Two weeks ago at the "off-the-record" Black Corporate Directors conference, GE CEO Jeff Immelt (the Don Geis of the real world) made some comments that raised eyebrows. Jossip first broke the thin OTR seal late yesterday and reported them thusly:
At the panel, [moderator Soledad O'Brien] asked Immelt about diversity at NBC Universal — primarily, its lack of it. Immelt responded, according to our tipster, that he hires who he is "comfortable with." He followed up that statement by listing, in order, the "type" of people he trusts. And they are:
1) White Men
2) White Women
3) Black Men
4) Black Women
Okay, honestly, more than just eyebrows were raised. But since it was off the record and Jossip had only one source, GE officials are disputing this account.
While no official denial has been issued that we've seen, GE spokesman Jeff DeMarrais posted (highly professionally) in the Jossip comments section. This is what he said:
Jeff Immelt named the first African-American vice chair in GE's history. Under his leadership the company has been named the "World's Best Company for Diversity" (2006)and "Great Place to Work" (2007) by Black Enterprise magazine. This website lays out the progress GE has made in its commitment to diversity under Immelt's tenure. (http://www.ge.com/citizenship/) And you've twisted his positive speech about inclusiveness into an unrecognizable and unbelievable post. Shame on you.
And, for added weight, two black GE officials also added their two cents. In the comments, again, obviously:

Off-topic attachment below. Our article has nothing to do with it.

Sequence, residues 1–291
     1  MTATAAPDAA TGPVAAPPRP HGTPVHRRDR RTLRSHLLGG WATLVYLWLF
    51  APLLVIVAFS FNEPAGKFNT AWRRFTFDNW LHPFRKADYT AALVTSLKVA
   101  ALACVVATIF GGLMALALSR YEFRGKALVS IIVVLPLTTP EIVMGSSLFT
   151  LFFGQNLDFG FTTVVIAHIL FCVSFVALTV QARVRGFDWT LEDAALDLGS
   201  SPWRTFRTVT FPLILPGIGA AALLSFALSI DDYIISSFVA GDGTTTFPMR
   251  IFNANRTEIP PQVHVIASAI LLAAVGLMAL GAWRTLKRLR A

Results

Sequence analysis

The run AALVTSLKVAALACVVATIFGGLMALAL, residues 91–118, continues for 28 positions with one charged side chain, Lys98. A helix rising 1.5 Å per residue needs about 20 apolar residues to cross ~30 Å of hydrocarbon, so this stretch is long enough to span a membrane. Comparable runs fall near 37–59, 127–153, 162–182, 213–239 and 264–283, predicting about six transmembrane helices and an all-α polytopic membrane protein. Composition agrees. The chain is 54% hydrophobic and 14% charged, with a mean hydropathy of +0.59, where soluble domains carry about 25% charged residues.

As two members of the audience at the Black Corporate Directors conference, the Jossip post is a gross mischaracterization of what Jeff Immelt said and is taken completely out of context. When asked about how he personally thinks about diversity and his personal journey to be more inclusive, Jeff used an example that he’s used many times to describe how he’s worked to expand his relationships with diverse people. [Ed: They didn't say what this example was, and how it was not racist] Jeff added that while previous generations seldom made efforts to break their “circle of comfort,” in their personal and professional relationships, today no GE leader gets a bye on this. At no point in this discussion did Jeff say that he does not trust African Americans!
As two African American former senior members of the GE management team and former members of the GE Corporate Executive Counsel with over 60 years of combined service in the company, we are aware that GE, like most companies, is not perfect. However, we strongly believe that GE has done much more than most in moving the ball forward on diversity and Jeff has always been a key leader in this effort! —Lloyd Trotter, Art Harper
We're still unclear on what was actually said, and Gawker has already urged Soledad O'Brien to give her version of events. We'd be satisfied with a GE explanation — one that appears somewhere more reputable than the comments section of a gossip blog.